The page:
The digital age is not as simple to maintain a child’s interest and this applies in person as well as to online research. We have been in the field conducting interviews with young girls who are capable of answering in a very articulate way while texting and not looking up. It is a new age.
We often describe the new generation not just as multi-taskers but as “Brain Dividers” or “Splitters”. Yes, we did make the words up so be sure and credit Mindspot Research if they go viral. Splitters seem to have the capability of doing many things (cognitive functions) at once and doing them well. This is not the same as rubbing your head and standing on one leg. I am pretty sure they could do that if they could have one hand free to text.
Getting to the point the biggest challenge with kids is HOW do you keep and maintain their attention to make it a good experience for everyone. Research design based on their cognitive ability that can engage them is key. We have learned that using games, drawing, sorts, emoticons and other interactive web tools can be helpful.
We have also learned to limit the use of the tools because they understand how to use them quickly and the group can go off somewhere you did not expect and if you are not very checked in you will lose control. A good moderator can appreciate conversation “runs” AND maintain control.
Mindspot Research Guidelines for Working with Kids
We have guidelines internally that we follow. We always (by this I do mean no exceptions) obtain parental permission for anyone 13 or younger. Even those who are between the ages of 13 and 18 we encourage them to let their parents know they are participating and to provide our contact details.
We offer a phone number and an address and let parents know they can call us to find out we are a legitimate business. We find that Dads call us most often about their daughters and appreciate those calls.
Once the legal and ethical considerations are satisfied, we design the research with cognitive ability in mind, then we decide how to make it engaging for the participants and get the information we are looking for to inform the decisions for a new product, an ad, or a new concept.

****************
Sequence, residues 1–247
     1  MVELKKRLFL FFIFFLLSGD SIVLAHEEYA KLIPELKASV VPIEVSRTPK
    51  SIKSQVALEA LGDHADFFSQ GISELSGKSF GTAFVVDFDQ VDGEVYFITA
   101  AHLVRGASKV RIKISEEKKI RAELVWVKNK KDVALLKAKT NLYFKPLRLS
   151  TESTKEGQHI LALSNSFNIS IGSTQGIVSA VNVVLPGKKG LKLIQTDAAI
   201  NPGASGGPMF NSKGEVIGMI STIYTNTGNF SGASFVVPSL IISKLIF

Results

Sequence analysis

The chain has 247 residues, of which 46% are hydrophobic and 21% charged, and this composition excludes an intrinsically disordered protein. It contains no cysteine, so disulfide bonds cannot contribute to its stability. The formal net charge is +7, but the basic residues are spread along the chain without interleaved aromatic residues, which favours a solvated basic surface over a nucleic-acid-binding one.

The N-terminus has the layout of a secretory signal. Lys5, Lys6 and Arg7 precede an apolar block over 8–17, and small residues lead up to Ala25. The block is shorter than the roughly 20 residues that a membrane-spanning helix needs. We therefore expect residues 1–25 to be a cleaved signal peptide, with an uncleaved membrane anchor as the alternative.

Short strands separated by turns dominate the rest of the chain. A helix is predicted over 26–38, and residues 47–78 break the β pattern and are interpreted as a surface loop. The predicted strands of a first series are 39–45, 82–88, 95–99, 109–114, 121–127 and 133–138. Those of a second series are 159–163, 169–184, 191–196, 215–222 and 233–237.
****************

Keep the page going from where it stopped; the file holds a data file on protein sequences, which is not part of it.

Things We Have Learned Over The Years:
- Kids are wonderfully creative. If you want a new idea, ask a child.
- Children are more likely to tell you the truth. They have fewer things to sift through to get to their top-of-mind response.
- Young people especially teens type fast. If you are in an online chat group like our online focus group platform, you better be able to type faster.
- Pre-test your survey instrument. We pre-test both surveys and activities and usually with someone slightly younger than the desired age and the desired age. We want kids who participate with us to be able to have a positive experience. Once we have a successful pretest we are set up for success.
- Kids are insightful. The best part of research with kids is actually listening to what they have to say. It still surprises me at how clever and articulate children can be. It’s quite humbling.
- Horses are only as good as your worst horse. Groups of kids (especially teens) are like that too – it’s important to manage any participant in a group who is being disruptive or unresponsive and we have procedures built in as activity monitors and use an extra moderator to ensure everything goes as planned.
In closing, conducting research with kids takes more care and planning than projects with adults. Once you put in time to ensuring the project’s success we find these are some of our most challenging and entertaining projects.
If you have questions, we’ve got answers. Contact us!
By Lynnette Leathers, CEO of Mindspot Research and Focus Group Moderator